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Potential and limitations of minimally supervised botstrapping

Potential and limitations of minimally supervised botstrapping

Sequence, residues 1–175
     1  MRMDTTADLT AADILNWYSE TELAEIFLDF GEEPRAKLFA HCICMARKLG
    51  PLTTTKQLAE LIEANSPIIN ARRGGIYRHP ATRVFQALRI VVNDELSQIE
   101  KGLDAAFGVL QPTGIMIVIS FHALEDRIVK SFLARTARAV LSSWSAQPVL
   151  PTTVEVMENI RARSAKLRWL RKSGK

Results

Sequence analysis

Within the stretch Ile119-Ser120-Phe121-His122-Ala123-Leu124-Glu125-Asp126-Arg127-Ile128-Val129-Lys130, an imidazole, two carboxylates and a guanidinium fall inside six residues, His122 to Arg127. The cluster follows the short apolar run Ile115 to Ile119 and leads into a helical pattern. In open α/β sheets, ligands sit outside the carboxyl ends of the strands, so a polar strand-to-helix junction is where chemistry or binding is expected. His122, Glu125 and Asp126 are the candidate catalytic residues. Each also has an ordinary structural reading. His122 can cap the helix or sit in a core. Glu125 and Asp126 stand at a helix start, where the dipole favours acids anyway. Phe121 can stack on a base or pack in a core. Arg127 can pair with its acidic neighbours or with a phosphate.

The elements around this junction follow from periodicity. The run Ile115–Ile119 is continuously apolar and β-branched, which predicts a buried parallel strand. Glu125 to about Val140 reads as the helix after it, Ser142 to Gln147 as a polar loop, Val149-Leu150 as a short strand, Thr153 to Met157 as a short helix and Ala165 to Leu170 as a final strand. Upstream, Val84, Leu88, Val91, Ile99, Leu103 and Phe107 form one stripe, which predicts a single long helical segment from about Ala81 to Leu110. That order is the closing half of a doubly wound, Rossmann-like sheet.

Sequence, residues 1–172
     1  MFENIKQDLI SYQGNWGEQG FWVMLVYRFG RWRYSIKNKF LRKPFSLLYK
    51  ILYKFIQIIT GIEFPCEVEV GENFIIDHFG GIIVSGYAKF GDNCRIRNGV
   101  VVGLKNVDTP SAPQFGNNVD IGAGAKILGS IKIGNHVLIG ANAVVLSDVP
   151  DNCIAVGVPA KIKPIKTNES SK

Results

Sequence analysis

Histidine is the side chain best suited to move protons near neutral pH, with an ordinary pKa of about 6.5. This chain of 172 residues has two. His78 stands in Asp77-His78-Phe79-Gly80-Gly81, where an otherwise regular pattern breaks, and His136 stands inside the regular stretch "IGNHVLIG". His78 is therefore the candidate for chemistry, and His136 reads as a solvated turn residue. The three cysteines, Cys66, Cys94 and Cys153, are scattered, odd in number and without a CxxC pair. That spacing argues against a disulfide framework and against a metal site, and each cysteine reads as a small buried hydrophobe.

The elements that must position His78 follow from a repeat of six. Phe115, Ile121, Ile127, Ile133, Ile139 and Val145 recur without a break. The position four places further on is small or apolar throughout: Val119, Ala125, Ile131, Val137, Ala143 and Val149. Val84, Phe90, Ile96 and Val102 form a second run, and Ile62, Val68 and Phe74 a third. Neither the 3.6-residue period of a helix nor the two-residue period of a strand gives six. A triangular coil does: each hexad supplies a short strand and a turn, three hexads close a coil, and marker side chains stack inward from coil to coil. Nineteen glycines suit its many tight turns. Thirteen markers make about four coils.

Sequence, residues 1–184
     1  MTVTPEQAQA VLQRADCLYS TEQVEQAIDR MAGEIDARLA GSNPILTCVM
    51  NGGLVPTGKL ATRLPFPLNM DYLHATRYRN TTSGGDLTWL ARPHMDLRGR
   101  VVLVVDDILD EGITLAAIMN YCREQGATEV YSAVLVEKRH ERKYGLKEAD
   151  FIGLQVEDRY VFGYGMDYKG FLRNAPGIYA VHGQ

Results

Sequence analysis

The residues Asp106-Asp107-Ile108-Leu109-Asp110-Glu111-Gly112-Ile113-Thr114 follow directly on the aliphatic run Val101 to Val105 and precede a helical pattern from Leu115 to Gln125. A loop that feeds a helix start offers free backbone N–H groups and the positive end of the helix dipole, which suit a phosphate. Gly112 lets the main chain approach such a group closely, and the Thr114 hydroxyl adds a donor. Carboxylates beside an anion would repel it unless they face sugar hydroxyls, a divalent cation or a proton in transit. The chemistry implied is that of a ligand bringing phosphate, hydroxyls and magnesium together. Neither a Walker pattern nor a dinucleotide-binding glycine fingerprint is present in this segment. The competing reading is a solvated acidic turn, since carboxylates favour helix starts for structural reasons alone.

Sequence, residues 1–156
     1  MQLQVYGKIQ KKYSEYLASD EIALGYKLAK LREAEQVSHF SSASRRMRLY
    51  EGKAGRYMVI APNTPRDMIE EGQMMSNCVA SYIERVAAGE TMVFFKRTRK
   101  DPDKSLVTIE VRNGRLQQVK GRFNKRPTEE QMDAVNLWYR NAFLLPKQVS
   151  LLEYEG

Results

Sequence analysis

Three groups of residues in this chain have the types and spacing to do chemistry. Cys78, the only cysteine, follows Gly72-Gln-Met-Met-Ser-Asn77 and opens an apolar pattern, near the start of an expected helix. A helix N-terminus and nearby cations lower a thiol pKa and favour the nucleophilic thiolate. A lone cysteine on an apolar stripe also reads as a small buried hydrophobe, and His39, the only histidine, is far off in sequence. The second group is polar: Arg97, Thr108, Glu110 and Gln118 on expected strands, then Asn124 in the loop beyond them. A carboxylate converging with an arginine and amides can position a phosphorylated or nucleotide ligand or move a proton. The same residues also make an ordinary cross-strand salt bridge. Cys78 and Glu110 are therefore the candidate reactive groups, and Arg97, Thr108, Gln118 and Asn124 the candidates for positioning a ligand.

This video was recorded at Solomon seminar. The detection of relation instances is a central functionality for the extraction of structured information from unstructured textual data and for gradually turning texts into semi-structured information. With respect to the acquisition of the classifiers or detection grammars, the existing approaches fall in three large categories: * detection by classifiers/grammars acquired through intellectual human labor * detection by classifiers/grammars acquired through supervised learning * detection by classifiers/grammars acquired through unsupervised or minimally supervised learning. In the talk we will provide examples for the classes of approaches and summarize their respective advantages and disad¬vantages. We will argue that different relation detection tasks require different methods or even different combinations of methods. One empirically promising and theoretically attractive line of research is the learning of extraction rules from seeds. Several minimally supervised approaches have been investigated that accomplished rather decent results with a minimum of effort. The learning algorithms are not domain dependent. The seed-based bootstrapping approaches are theoretically pleasing because the learned patterns and rules are modular and transparent. They can be reused in new applications and they can be a valuable resource for (computational) linguistic investigation. We will explain several bootstrapping methods, most of them starting with patterns as seeds and some with event seeds. We will also describe our own approach of bootstrapping (Xu et al. 2007) a radical extension of Xu et al. (2006). In this approach, learning starts from a small set of n-ary relation instances as "seeds" in order to auto-ma¬ti¬cally learn pattern rules from parsed data, which then can extract new instances of the n-ary relation and its projections. After a fruitful period of skillful trial and error, there seems to be the right time now for a more systematic investigation of the alternative approaches to relation detection. In addition to tables of recall and precision values for competing methods, we urgently need explanations, i.e. causal theories explaining the virtues and shortcomings of alternative techniques with respect to properties of domains and text data. We describe one theory of this kind based on experimental evidence and explanatory insight. The advocated scientific methodology will enable optimal choices for specific tasks, effectively reduce the number of promising combinations of methods for future investigation, and guide the search for completely new approaches.


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